Last week, a trademark suit filed by Penthouse against the famed Factory Nightclub, in West Hollywood, was dismissed in light of the parties reaching a settlement. The complaint, filed on May 19, 2016 in the U.S. District Court for the Central District of California, alleged trademark infringement, trademark dilution, unfair competition, false advertising, and more.
The plaintiff, Penthouse Global Media, of the iconic men’s magazine, owns various registrations for PENTHOUSE in connection with not only the magazine, but also a wide array of merchandise and services, including nightclubs, lounges, restaurants, and bars. In the complaint, the plaintiff alleged that the defendants were using, in connection with Factory Nightclub, various names incorporating Penthouse marks and confusingly similar marks, such as “PentHouse DayClub Sundays”, “PH Day Club – Luxury Penthouse”, “Penthouse Dayclub”, and “PH West Hollywood”. The complaint alleged that the defendants had registered the domains: www.penthousewesthollywood.com and www.phwesthollywood.com, as well as pages on Instagram, Facebook, and Twitter, for example, www.Instagram.com/PHDayClub and www.Facebook.com/PHDayClub. Screenshots of images from social media feeds, reproduced in the complaint, showed use of marks, such as “PH Penthouse West Hollywood” and “PH Penthouse DayClub.” Take a look at an excerpt from the complaint:
The complaint alleged that the defendants were notified repeatedly of their (alleged) infringement since 2014.
The case was dismissed on Wednesday, November 16, 2016 in response to a stipulation executed by both parties based on a settlement agreement. I have not been able to find any reporting of details of the settlement. At the time of publication of this article, the domain, www.penthousewesthollywood.com points to a page that says “Account Suspended.” The complaint did mention that the defendants had stopped using that site in 2014. Interestingly, however, also at the time of this article’s publication, the domain, www.phwesthollywood.com points to a page with a logo that says “PH West Hollywood”. It says “SITE UNDER CONSTRUCTION” with an address of 661 North Robertson Boulevard in West Hollywood, an address of Factory Nightclub.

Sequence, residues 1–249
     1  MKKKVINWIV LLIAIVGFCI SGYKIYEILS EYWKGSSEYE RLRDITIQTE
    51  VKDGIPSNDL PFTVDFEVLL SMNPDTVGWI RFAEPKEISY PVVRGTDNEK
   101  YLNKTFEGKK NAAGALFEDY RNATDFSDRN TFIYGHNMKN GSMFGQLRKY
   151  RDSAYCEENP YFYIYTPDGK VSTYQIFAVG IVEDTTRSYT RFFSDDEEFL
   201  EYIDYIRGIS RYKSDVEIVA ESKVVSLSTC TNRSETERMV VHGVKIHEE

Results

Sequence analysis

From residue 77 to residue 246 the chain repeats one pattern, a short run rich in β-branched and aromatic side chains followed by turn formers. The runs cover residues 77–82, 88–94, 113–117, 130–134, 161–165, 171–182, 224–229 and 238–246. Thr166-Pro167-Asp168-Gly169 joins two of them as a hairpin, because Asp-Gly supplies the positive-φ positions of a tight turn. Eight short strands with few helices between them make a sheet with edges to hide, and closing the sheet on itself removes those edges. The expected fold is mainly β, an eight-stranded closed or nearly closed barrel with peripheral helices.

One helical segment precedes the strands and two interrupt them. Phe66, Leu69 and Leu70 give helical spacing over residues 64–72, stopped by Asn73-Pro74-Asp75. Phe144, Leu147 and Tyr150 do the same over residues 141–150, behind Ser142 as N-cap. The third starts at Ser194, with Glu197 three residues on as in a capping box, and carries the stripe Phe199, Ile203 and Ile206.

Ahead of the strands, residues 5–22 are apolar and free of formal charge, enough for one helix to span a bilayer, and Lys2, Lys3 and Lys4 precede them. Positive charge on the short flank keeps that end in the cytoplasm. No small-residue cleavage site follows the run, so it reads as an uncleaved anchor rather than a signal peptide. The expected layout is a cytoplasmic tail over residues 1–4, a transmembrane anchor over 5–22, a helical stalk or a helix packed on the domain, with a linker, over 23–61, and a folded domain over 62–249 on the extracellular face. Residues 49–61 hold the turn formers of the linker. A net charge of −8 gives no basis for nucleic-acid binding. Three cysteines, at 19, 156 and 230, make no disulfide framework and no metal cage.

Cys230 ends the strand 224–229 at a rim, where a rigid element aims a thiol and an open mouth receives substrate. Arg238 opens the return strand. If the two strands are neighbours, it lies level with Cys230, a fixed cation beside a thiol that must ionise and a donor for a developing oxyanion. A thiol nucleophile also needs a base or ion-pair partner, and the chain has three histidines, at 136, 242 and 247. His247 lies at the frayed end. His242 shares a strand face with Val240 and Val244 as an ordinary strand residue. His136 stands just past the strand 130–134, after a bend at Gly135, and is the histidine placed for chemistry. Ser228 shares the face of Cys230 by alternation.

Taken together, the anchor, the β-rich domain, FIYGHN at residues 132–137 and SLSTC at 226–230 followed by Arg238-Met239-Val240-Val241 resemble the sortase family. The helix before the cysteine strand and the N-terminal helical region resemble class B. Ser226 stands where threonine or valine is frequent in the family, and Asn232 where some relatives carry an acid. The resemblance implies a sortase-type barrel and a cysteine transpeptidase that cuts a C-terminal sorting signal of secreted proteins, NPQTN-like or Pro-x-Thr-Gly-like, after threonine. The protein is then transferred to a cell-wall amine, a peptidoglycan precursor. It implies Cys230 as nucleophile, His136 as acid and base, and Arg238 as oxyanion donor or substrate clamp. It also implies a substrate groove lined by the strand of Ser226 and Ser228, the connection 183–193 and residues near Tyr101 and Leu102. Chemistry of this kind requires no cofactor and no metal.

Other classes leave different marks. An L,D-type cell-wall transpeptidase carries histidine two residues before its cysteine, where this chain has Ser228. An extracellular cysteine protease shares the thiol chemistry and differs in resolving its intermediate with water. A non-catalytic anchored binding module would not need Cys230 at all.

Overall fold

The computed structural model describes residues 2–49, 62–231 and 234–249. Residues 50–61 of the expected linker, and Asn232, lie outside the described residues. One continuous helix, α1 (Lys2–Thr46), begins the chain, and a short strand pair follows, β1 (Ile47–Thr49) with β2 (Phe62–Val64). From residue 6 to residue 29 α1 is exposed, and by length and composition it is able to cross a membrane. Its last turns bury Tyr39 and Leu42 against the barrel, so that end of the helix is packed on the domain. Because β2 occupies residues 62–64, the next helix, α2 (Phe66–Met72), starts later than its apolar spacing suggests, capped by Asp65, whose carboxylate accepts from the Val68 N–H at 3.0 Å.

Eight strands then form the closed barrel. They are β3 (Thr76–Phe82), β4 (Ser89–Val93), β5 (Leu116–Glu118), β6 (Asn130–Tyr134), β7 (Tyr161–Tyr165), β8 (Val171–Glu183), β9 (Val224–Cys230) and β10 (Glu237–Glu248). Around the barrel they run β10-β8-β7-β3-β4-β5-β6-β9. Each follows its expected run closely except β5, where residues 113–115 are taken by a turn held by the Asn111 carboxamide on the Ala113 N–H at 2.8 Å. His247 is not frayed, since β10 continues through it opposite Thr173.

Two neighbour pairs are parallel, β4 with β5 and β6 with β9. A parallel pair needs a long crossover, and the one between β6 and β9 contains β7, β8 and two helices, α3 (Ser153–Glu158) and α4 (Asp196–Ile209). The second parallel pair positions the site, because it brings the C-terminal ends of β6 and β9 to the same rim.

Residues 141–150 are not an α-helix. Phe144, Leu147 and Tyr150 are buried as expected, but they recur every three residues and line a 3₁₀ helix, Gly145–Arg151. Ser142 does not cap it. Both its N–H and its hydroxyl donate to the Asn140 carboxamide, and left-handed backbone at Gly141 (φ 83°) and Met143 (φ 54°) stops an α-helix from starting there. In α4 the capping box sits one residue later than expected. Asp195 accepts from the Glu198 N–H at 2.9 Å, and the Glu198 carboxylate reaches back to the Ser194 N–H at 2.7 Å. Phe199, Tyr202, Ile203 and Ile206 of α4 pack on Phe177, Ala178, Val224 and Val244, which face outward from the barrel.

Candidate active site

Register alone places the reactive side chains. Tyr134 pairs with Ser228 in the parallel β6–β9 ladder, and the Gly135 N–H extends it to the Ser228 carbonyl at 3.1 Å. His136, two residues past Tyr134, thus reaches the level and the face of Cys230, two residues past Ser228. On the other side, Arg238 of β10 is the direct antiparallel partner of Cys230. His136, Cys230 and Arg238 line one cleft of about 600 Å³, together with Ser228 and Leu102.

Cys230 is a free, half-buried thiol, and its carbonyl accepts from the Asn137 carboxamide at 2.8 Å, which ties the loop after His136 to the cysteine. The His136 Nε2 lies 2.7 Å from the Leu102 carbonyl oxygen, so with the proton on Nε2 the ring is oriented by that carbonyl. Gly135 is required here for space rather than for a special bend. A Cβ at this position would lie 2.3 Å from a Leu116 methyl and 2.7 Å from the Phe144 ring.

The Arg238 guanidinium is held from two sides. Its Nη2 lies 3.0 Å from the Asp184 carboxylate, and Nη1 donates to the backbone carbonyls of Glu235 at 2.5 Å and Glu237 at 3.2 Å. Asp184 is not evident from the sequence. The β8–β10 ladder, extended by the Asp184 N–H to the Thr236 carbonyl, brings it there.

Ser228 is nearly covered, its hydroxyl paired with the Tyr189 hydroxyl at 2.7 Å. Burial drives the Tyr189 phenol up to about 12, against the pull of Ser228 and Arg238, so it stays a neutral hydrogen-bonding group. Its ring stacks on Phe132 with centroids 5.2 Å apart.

I am curious as to whether Penthouse agreed to the defendants’ use of “PH” without the full term, “PENTHOUSE”. I say this because the domain including the full “PENTHOUSE” mark is suspended, while the one without the full mark is still up and running. In addition, the images shown in the complaint used “PENTHOUSE” along with “PH”, but “PENTHOUSE” is notably absent in the logo on the working website. However, from a quick Internet search, I found a Facebook page up at www.Facebook.com/PHWeHo, which appears to be operated by the defendants (although I haven’t confirmed such), using “PH PENTHOUSE WEST HOLLYWOOD” in its profile image. So, perhaps, the defendants have simply been given some time to remove references to the marks at issue, which certainly is not uncommon in a settlement agreement. Like most things, time will tell – We’ll just have to wait and see whether the working website and “PH” logo will remain, or whether they’ll be ripped down, leaving only a distant memory in the questioning minds of us watching.